The problem is that you have to look at context. The "don’t wear a mask" advice wasn’t "wrong" per se. It was stated out of a fear that everyone would buy up all the masks that health care providers needed, which was a legitimate fear. It was also stated before the virus was wide spread. Some people interpreted "don’t wear a mask at this time" as "you don’t need a mask ever" or "masks don’t work." And even that’s actually true in some cases. Some people rightly said "masks don’t work" but with the caveat that "masks don’t work if you’re still touching your face and not washing your hands, etc." but the simplified version is what gets repeated by people who want to support their own biases.

There’s so much nuance in what was said and what was rephrased and what was repeated out of context that saying what was said was "WRONG" is functionally meaningless. And pointing to that as some kind of proof that you should never listen to the medical community because they changed their advice is misguided and absurd.

If one doctor is guilty of malpractice, it doesn’t make every doctor guilty of malpractice anymore than having an MD means everything you say is good medical advice.

PaulT (profile) says:

Re: Re: So, Facebook will enforce the LATEST "official" informat

"The problem is that you have to look at context."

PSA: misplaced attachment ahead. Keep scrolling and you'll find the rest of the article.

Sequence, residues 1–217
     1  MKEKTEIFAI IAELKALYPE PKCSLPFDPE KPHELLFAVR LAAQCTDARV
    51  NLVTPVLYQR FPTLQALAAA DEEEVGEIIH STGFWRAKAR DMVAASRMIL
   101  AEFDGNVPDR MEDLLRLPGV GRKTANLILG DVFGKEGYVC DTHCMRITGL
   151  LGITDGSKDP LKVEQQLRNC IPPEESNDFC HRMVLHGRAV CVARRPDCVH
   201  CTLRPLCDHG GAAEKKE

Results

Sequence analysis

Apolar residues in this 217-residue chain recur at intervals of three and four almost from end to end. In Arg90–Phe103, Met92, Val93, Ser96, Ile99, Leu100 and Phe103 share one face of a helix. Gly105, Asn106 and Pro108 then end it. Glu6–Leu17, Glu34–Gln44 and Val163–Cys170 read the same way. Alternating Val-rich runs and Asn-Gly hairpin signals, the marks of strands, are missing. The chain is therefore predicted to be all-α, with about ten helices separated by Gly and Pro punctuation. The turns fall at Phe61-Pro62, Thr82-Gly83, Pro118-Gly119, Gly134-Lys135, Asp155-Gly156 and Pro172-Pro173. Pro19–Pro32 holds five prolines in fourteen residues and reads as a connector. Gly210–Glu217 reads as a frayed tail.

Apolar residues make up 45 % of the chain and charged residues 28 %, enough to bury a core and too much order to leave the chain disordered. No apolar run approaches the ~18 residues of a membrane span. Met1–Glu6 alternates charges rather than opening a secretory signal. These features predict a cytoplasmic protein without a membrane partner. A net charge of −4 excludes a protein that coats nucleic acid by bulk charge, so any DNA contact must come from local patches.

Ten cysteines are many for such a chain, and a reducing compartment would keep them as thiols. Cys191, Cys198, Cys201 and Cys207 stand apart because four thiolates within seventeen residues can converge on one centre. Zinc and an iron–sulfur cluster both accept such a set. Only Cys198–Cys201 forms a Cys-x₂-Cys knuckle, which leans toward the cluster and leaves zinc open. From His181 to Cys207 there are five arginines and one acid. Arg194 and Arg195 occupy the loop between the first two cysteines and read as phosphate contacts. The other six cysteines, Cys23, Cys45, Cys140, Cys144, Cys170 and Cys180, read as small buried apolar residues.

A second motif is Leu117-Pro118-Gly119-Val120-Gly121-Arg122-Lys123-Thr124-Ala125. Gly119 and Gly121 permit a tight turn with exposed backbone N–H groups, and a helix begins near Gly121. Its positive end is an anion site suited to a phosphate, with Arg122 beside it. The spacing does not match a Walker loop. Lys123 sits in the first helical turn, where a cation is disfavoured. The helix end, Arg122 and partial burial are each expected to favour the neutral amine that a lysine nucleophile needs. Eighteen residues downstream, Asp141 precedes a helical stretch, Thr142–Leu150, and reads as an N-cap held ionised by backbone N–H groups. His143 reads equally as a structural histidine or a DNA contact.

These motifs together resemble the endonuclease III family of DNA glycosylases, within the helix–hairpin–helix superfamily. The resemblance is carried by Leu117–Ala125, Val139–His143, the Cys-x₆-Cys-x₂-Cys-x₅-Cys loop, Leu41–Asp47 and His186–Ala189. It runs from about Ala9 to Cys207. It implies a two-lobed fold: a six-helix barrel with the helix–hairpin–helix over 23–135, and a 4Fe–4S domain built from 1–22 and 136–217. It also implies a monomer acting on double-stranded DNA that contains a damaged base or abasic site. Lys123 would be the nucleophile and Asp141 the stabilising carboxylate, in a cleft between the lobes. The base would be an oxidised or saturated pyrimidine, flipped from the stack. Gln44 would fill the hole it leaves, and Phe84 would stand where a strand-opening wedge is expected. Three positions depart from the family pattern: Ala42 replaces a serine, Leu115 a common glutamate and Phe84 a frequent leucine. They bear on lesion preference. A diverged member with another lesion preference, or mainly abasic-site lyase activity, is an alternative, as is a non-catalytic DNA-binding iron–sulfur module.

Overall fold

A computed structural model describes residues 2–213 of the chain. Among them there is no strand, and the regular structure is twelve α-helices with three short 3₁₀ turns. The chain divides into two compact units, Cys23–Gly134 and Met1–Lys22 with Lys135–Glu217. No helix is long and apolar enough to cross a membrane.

He has nothing if he sticks to pesky things like facts and context.

"It was stated out of a fear that everyone would buy up all the masks that health care providers needed, which was a legitimate fear"

There was some doubt early on about how the virus spread and genuine evidence that it was more due to surface contact than being airborne. But, yeah, given the fact that some people were apparently trying to build home extensions using toilet rolls (despite the disease not causing issues that would require more of it), and there was a genuine shortage of N95 masks and other PPE, that was the correct advice at the time. Which was quickly altered (not overturned) when the effectiveness of non-N95 masks because clear.

The only good thing about these people is that they all repeat the same misinformation rather than making up their own, so it’s relatively easy to identify and defuse, even if some platforms have taken too long to do so.

PaulT (profile) says:

Re: So, Facebook will enforce the LATEST "official" information.

"I do hope that you’re wearing two masks, staying in your house, except to get the shot — which is a mutagen, NOT a vaccine — and so on"

Well, I’m not, but my life has generally been normal for months except for some travel restrictions and early closing of bars and restaurants, which are being mostly lifted next week.

But, then, I’m not surrounded by idiots who believe their right to infect and kill 500k people is justified because they can’t take slight discomfort for a few weeks, meaning that this has gone on way longer than it should have. Until a spike around Christmas largely caused by people travelling from other areas, my town has barely been affected, whereas people are dropping like flies in the "free" places where incompetent leaders manage to infect half their own staff.